The Largest Possible Life
Alison Luterman is a poet, essayist, and playwright. Her books include the poetry collections Desire Zoo (Tia Chucha Press), The Largest Possible Life (Cleveland State University Poetry Center Press), and See How We Almost Fly (Pearl Editions) and a collection of essays, Feral City (SheBooks). Luterman’s plays include Saying Kaddish With My Sister, Hot Water, Glitter and Spew, Oasis, and The Recruiter and the musical, Links in a Chain. Her writings have been published in The Sun, The New York Times, The Boston Phoenix, Rattle, The Brooklyn Review, Oberon, Tattoo Highway, Ping Pong, Kalliope, Poetry East, Poet Lore, Poetry 180, Slipstream, and other journals and anthologies. Alison has taught at The Writing Salon in Berkeley, the Esalen Institute, and the Omega Institute, as well as at high schools, juvenile halls, and poetry festivals.
“Alison Luterman’s passionate, original poetry sets my heart on fire. When the heat becomes unbearable, she leads me to the water and puts the fire out. A writer of enormous talent, she embraces the wounded world around her, and reveals herself to be a part of it, prisoner to the same fears and desires as the rest of us. Her poems are acts of mercy.” –Safransky
“The best poems from Alison Luterman’s first poetry collection, The Largest Possible Life, have the feel of having been artfully lifted from precise moments of intimacy and betrayal, and they are imbued with the beautiful impossibility of hope in a world that seems in mourning for its own lost chances. Yet what balances this tightrope walk on the edge of hip nihilism, or clever confessionalism, is a fine and a finely tuned artistic irony. Irony in the old way meant not only a strangely truthful diction turned somehow askew, but an irony of form as well: a music of line and an urgently human way of speaking seamlessly woven together. Even more, this is a book of delight and surprise, and of delicately comic turns of phrase. Out of the corner of her eye, Alison Luterman is a keen watcher of the tangled business of our lives, and in her heart, she is a storyteller whose power resides, as in all good storytellers’ hearts, in her faith in the listener.” –Bruce Weigl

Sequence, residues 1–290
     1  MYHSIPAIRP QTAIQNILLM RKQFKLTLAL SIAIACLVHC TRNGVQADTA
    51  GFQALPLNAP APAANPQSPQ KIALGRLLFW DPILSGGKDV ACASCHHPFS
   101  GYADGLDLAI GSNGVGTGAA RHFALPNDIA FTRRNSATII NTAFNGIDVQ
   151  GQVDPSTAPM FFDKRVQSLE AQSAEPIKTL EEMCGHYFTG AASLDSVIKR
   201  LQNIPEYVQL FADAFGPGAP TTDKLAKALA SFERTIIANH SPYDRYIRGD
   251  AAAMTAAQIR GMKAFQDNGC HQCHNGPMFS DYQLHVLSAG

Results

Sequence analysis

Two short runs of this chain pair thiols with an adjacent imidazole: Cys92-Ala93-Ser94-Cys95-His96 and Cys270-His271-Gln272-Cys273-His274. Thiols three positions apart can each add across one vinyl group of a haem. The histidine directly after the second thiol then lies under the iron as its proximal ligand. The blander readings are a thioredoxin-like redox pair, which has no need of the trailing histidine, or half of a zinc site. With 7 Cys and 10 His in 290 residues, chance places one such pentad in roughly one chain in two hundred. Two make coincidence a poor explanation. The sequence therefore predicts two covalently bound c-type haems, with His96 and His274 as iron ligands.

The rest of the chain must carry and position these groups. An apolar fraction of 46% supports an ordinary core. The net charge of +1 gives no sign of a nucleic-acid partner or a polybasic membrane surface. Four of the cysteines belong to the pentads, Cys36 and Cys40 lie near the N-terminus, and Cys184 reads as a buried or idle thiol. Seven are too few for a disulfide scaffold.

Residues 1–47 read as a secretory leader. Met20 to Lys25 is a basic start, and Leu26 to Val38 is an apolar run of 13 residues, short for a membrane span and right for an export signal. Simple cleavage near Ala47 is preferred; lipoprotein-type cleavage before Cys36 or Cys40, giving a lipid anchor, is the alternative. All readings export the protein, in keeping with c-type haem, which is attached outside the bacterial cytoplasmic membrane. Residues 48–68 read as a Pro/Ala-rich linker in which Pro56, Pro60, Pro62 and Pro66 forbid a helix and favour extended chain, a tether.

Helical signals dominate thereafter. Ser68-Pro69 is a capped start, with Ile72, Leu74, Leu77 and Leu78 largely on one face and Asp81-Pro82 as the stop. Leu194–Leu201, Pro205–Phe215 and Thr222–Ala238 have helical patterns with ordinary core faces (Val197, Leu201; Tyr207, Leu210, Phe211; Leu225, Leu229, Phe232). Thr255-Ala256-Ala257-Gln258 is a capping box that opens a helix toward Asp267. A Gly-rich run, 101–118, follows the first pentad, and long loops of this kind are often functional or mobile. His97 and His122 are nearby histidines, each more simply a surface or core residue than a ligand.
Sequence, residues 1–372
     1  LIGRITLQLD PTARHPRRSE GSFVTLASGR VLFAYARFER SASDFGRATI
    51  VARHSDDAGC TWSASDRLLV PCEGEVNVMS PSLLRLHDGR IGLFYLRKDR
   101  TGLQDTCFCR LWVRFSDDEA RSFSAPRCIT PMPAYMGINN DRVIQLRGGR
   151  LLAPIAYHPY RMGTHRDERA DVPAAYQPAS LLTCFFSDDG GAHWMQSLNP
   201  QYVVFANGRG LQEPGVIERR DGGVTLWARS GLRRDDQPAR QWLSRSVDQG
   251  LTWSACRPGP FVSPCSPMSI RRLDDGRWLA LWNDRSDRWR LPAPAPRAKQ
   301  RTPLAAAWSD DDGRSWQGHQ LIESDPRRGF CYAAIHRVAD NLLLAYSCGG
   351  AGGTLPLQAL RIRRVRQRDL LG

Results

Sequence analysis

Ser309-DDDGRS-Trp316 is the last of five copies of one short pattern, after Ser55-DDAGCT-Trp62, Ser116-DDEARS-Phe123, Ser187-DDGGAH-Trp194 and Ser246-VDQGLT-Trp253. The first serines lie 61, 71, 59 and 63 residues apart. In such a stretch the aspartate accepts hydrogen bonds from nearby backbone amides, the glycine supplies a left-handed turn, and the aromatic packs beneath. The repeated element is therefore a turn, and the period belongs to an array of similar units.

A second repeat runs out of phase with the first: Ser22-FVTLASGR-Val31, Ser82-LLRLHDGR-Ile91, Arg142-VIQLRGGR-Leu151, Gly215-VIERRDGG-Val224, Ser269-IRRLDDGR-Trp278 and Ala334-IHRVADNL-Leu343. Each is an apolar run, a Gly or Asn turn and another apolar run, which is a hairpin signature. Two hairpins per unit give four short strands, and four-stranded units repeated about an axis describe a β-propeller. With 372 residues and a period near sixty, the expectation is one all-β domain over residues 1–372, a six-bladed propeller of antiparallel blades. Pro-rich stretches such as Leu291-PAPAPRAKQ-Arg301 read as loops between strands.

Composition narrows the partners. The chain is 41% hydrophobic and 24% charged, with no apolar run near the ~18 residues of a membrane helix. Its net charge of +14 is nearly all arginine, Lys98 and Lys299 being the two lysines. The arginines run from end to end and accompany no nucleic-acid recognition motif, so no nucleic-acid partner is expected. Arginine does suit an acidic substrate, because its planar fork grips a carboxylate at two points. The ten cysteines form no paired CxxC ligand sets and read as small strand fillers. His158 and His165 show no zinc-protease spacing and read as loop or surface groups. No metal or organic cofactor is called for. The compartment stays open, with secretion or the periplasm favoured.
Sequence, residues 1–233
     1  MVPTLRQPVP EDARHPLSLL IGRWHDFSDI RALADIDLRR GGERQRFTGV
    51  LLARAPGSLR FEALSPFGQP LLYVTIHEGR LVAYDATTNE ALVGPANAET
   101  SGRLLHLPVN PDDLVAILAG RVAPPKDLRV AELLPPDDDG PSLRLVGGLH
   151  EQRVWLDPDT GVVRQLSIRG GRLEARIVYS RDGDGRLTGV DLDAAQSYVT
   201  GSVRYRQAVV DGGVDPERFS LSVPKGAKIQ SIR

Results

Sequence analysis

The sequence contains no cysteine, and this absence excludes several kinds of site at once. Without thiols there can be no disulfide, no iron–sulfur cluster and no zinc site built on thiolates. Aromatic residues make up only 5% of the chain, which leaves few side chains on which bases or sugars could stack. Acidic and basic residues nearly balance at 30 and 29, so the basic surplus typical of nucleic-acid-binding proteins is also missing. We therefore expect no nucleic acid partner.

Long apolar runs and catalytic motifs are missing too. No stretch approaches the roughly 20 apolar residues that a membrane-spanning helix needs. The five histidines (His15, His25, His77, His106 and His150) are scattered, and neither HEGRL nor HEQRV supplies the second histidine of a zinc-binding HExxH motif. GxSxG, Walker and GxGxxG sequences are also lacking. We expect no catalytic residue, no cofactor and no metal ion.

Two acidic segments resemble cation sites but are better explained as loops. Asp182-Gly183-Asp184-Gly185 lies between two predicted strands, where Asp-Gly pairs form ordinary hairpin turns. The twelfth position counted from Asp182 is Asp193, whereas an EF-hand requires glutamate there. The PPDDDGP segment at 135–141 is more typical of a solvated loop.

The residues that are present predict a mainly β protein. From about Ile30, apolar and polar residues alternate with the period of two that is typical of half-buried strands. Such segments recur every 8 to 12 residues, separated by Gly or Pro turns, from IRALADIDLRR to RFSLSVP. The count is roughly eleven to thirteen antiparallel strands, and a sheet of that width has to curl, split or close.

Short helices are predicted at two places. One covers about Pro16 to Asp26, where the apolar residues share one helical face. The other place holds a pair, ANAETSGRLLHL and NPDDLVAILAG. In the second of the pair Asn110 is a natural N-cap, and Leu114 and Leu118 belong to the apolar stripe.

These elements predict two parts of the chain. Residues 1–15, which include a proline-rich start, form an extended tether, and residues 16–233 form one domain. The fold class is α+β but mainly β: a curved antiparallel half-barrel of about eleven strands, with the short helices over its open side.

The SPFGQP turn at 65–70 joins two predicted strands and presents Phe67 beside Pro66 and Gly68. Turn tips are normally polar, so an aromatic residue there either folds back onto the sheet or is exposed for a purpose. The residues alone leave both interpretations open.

Cleveland State University Poetry Center
Luterman, Alison, "The Largest Possible Life" (2001). CSU Poetry Center Books. 73.